Irrespective of the fewer number of seats the party has won, the opposition's main role is to question the government and hold them accountable to the public. More to it, the opposition represents an alternative government, and is responsible for challenging the policies of the government and producing different policies where appropriate. That's why the opposition party in a parliamentary democracy is considered as the shadow government.

An important reality in today's Bangladesh: state power does not get shifted on a five year basis any longer. The notion of caretaker government has become obsolete and unwarranted. More to it, in democracy politics is not all about assuming absolute political authority; it's about upholding and practicing the teachings of democracy, not for the sake of the party but for the greater interest of the nation.

Prime Minister Sheikh Hasina officially declared that her government would welcome criticism and she stressed on national unity to take the country on the highway of development. In line with the PM's words, we also believe, in the trend of democracy, criticism is very important since it helps in rectifying mistakes while taking prompt action wherever needed. And if BNP is to refrain from playing its constructive role in the parliament, it will not only deliberately neglect its political obligations but the party's very existence will be at stake.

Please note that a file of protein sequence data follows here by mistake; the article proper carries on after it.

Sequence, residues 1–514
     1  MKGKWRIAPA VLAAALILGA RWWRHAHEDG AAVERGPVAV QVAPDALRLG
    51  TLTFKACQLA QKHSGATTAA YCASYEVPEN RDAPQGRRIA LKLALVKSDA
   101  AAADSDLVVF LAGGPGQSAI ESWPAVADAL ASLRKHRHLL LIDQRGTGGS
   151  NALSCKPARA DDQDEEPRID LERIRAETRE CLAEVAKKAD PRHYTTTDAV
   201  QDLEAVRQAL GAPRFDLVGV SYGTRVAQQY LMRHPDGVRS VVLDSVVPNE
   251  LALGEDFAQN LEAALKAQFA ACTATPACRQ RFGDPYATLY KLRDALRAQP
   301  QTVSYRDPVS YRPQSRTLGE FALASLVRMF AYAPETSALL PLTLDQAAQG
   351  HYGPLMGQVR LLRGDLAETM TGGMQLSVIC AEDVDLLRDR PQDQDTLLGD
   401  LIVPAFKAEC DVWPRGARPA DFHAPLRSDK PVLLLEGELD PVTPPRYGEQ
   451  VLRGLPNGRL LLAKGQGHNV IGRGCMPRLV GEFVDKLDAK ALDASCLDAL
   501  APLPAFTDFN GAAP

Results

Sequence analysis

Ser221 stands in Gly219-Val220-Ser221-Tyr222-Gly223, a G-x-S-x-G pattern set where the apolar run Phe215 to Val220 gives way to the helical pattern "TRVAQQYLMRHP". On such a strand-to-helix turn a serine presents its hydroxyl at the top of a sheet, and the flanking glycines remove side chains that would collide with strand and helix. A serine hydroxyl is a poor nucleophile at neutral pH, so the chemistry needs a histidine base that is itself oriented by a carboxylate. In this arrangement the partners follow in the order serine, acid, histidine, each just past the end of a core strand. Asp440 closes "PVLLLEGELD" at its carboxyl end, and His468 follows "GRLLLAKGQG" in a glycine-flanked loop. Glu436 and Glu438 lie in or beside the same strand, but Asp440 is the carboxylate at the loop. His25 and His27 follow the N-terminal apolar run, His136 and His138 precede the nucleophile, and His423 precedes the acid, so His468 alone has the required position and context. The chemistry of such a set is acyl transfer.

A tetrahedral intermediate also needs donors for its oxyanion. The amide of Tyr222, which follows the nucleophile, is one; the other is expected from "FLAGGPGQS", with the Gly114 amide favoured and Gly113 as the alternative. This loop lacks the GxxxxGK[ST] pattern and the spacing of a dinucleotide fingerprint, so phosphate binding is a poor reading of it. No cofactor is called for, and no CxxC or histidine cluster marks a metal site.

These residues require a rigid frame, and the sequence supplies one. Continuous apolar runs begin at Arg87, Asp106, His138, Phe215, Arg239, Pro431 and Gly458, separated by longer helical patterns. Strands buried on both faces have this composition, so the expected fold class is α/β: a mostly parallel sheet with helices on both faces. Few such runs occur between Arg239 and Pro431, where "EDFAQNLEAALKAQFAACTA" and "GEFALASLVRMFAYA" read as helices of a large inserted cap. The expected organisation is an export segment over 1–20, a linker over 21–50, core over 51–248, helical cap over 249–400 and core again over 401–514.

On the topic of recovery from its lumbering state, a number of its politicians and supporters had elaborated a number of formulas and plans. The truth, however, they merely remain as theories, having none to materialise them. BNP is perhaps realising this painful truth but at the same time the party's top brass is miscalculating the national psyche and demand of the public. From a functional perspective, BNP will have to perform extraordinarily at its grassroots level to widen its political activities and that's noticeably missing. Rather despondently, the party has distanced itself from the people, thus getting distracted and diverted from executing its democratic obligations. Time has come BNP leaders should have soul searching to rectify their past mistakes and misdeed.